The Aspire AVP is an all new pod vape made by the same company that brought us the Nautilus AIO and Aspire Breeze 2. However, instead of replaceable coils like on the Breeze 2 and Nautilus, the AVP uses replaceable pods that come with the coil built-in. It’s available in a bunch of different colors and has a slim, elongated octagonal shape that looks very cool. The Aspire AVP also features an adjustable wattage output that can be set to one of three different wattages.
I tested out the AVP for a few weeks to get a feel for this new pod vape and in this review I’m going to give you all of the details that you need to know. The device used for this review was sent to me free of charge, directly from Aspire Vape Co.
Aspire AVP Review: An Excellent Pod Vape with Three Wattage Levels
- 1 x Aspire AVP Pod System
- 2 x 1.2 ohm AVP Replacement Pod
- 1 x Micro USB Cable
- 1 x Lanyard
- 1 x Micro USB Charging Cable
- User Manual and Warranty
- Draw Activated
- Constant Wattage Output
- 12W, 10W & 8W Outputs
- 2ml Pod Capacity
- 700mAh Battery
Design & Build Quality
The Aspire AVP is definitely one of the best built pod vapes that I’ve used. It’s small, slim and compact but it still feels solid and sturdy. It’s also light enough to not be cumbersome but still has a good weight to it that feels like you’re holding something of value.
The front and back of the AVP have a carbon-fibre like pattern that is contoured by the metallic body and the branding is nice and subtle; there’s an Aspire logo on the front of the device and AVP on the back. I’m a huge fan of this design and the whole construction of the AVP is very well done. It really feels like a premium device worth much more than what it retails for.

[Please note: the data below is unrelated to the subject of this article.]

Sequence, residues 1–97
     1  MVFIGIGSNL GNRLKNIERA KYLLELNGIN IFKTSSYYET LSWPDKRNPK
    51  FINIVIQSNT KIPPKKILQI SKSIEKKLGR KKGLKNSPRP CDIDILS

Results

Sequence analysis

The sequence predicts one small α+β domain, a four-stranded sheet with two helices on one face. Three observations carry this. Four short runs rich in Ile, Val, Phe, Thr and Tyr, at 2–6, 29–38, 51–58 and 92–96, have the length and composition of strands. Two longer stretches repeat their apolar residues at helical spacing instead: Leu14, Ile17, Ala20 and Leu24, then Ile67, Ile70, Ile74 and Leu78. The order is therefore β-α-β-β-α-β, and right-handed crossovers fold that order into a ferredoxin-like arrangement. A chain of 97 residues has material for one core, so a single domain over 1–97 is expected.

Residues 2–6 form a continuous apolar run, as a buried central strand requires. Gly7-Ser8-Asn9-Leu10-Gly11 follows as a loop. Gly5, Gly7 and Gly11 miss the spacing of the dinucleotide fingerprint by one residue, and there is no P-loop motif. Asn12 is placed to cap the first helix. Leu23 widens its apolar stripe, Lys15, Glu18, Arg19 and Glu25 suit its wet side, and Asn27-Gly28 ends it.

On one side of the device is a small airflow hole that is non-adjustable but I found the airflow to be rather nice (more on this later in the performance section). This airflow hole also serves as the anchor spot for the included lanyard. The lanyard can save you from dropping or losing your AVP, although I didn’t use it much myself. However, if you’re prone to dropping or losing your vape then it will certainly be nice to have.
The AVP is a constant output wattage vape. This is nice because the draw stays consistent as you vape and doesn’t get weaker as the battery dies. The AVP is also draw activated so there’s no need to push a button. You just draw on the mouthpiece (the pod) and it will begin producing vapor.
One of the coolest features of the AVP is that there are three wattage levels that you can choose from. You select your wattage by pressing the button twice and the LED will flash to indicate your output level. Green is 12 watts, blue is 10 watts and red is 8 watts. You can also press the button once and the LED will flash in the color of your currently set output wattage.
Adjustable wattage is not something you see very often on a pod vape. You’re usually just stuck with whatever wattage the device outputs so it’s nice that you have the option of selecting what you like. Plus, the fact that the AVP is a constant output device means that you’ll get a consistent draw at whatever wattage output you select. That’s a huge pro and it made vaping with the AVP that much more enjoyable.
The AVP comes with two pods in the box. These are rated at 1.2ohm and use a nichrome coil. The coils are built into the pod so there’s no need to fuss about changing the coils like with the Breeze; when the pod has lived out its life you just replace the entire pod with another one.